LAW515 Law of Employment (8)

LAW515 equips students with a fundamental knowledge of labour law. The subject examines the contract of employment and the various sources of law that interact and have an impact upon the relationship between employers and employees. The subject fosters professional practice and facilitates career advancement through problem based learning, by using contemporary case studies that accommodate the development of research, analysis and communication skills. Students will be provided with the opportunity to develop work skills while gaining knowledge of employment law, discrimination in the workplace, and labour rights law. Employment relations will also be examined through multiple lenses including globalisation, organisational change and the interpretation and operation of the Fair Work Act 2009 (Cth).

Subject Outlines
Current CSU students can view Subject Outlines for recent sessions. Please note that Subject Outlines and assessment tasks are updated each session.


Session 2 (60)
Wagga Wagga Campus
Session 3 (90)
Wagga Wagga Campus

Continuing students should consult the SAL for current offering details: LAW515. Where differences exist between the Handbook and the SAL, the SAL should be taken as containing the correct subject offering details.

Subject Information

Grading System



One session


School of Accounting and Finance

Enrolment Restrictions

Postgraduate students only

Learning Outcomes

Upon successful completion of this subject, students should:
  • be able to analyse and evaluate the principles of employment law in Australia, including its history, development, and the current constitutional and theoretical frameworks within which it operates;
  • be able to reflect on and synthesise an understanding of employment law, legal issues related to workplace relations, policies, industrial relations bodies, and other aspects of Australian employment law including alternative methods of dispute resolution;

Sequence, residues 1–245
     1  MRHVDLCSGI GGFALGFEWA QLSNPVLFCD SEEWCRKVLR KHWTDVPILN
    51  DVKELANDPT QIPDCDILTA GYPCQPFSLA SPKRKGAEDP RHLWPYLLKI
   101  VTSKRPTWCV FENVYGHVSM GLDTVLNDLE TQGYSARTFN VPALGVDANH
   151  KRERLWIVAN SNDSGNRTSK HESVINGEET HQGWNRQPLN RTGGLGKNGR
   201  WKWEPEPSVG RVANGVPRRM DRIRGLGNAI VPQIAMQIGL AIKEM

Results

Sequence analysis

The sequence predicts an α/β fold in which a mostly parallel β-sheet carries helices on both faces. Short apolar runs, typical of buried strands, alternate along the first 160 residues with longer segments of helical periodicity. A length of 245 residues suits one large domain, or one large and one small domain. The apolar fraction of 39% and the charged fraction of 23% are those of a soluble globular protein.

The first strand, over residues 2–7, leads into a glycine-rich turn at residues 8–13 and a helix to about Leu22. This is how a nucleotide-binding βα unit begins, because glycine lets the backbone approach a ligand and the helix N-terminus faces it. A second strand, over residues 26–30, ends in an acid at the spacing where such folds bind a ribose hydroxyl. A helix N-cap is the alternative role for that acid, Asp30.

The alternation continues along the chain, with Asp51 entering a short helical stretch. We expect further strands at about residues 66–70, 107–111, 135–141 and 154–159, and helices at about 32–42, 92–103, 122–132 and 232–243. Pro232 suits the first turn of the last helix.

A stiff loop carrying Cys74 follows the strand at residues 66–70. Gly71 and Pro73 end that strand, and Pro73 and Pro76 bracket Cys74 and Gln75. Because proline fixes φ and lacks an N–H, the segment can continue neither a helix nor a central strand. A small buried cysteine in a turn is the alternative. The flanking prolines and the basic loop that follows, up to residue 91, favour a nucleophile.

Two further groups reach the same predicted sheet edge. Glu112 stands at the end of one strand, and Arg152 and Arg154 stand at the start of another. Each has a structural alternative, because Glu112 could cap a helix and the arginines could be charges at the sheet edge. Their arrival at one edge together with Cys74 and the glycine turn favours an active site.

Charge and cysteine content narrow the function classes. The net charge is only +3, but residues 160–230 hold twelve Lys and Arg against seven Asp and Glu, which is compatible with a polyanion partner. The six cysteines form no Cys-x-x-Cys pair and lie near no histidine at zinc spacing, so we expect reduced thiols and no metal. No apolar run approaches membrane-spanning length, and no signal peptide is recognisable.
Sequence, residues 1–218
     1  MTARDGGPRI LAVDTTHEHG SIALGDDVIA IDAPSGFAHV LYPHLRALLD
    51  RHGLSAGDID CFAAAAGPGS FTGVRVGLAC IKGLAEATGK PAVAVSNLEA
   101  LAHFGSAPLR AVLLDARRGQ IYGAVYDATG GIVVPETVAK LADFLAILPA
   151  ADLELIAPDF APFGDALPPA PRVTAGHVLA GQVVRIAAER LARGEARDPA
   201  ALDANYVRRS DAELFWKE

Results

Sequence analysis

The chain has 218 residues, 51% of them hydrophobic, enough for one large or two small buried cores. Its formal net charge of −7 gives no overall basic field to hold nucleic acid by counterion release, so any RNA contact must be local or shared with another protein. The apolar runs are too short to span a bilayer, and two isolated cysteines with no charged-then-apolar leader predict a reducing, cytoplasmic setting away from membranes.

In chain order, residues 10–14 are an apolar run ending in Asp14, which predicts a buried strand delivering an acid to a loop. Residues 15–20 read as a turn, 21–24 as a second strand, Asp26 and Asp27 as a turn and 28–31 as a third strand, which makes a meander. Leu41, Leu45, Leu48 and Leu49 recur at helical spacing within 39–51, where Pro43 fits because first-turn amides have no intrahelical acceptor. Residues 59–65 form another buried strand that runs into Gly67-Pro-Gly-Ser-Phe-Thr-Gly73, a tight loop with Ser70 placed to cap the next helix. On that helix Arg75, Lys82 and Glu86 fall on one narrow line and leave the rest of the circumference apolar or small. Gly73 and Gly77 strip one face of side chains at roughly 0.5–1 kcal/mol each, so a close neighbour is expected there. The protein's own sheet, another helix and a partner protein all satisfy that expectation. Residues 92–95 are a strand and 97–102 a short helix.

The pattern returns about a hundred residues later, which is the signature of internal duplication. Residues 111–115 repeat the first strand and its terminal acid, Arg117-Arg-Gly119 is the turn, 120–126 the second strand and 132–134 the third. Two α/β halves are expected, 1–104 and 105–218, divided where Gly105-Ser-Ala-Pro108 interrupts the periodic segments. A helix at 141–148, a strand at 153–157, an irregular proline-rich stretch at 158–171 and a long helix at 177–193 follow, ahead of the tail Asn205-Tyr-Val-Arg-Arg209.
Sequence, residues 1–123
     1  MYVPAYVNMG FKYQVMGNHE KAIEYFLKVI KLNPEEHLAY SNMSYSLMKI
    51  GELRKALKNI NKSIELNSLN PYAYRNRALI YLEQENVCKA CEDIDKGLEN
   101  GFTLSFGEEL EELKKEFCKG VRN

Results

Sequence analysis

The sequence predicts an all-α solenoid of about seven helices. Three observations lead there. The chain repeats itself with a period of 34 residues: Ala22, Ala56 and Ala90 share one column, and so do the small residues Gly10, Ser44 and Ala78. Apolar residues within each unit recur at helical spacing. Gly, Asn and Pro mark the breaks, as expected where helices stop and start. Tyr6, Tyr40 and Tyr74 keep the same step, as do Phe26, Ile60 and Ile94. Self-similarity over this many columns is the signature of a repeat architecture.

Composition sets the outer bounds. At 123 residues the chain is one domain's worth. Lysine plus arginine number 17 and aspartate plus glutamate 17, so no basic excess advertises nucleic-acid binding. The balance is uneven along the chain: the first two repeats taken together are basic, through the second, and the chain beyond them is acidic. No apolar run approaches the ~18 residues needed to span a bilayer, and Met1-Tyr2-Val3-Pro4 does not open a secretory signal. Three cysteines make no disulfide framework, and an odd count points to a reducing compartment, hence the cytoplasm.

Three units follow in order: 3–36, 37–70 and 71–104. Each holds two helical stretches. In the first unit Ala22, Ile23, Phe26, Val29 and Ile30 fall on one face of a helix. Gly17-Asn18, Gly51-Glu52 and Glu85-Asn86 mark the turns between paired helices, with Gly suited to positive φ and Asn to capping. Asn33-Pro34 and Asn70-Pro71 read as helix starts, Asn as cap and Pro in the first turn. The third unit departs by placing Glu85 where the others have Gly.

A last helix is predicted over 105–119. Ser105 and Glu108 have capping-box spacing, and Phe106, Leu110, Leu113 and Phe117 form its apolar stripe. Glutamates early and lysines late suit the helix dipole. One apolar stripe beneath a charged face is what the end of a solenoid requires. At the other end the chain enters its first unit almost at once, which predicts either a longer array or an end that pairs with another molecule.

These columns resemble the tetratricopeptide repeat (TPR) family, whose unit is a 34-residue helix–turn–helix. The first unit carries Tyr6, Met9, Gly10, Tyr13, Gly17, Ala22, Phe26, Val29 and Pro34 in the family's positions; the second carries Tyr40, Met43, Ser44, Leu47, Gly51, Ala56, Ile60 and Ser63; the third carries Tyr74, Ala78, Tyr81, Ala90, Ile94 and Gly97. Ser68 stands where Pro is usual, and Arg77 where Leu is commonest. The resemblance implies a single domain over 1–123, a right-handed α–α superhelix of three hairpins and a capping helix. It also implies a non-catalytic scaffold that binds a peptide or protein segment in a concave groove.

• be able to demonstrate an advanced understanding of employment law by solving legal problems associated with the contract of employment and workplace-related scenarios, via identifying the relevant issue(s), stating the relevant principles of employment law and how these relate to the legal issue(s), and suggesting potential remedies when providing a conclusion;
  • be able to research and criticise the development of modern fair work, work health and safety, and workers' compensation and rehabilitation schemes, including alternative dispute resolution schemes, and be able to apply the legislative provisions and related common law to legal issues arising in the workplace setting; and
  • be able to examine and critically evaluate laws relating to anti-discrimination in the workplace.


This subject will cover the following topics:
  • the Australian legal system and sources of Australian law;
  • introduction to the law of employment and sources of legal obligations;
  • industrial law (constitutional issues affecting state and federal legislation and case law; the legal perspective of enterprise bargaining and agreements; legislation and industrial awards; conciliation and arbitration and, industrial action; industrial tribunals);
  • the relationship of employer and employee and statutory constraints;
  • formation of a contract of employment;
  • performance of a contract of employment;
  • suspension, stand down and modes of terminating a contract of employment;
  • remedies;
  • work health and safety;
  • industrial injuries (workers compensation and rehabilitation; and occupier's liability);
  • alternative dispute resolution in the workplace; and
  • equal opportunity and discrimination legislation.


Current Students

For any enquiries about subject selection or course structure please contact Student Central or or phone on 1800 275 278.

Prospective Students

For further information about Charles Sturt University, or this course offering, please contact info.csu on 1800 275 278 (free call within Australia) or enquire online.

The information contained in the 2018 CSU Handbook was accurate at the date of publication: August 2018. The University reserves the right to vary the information at any time without notice.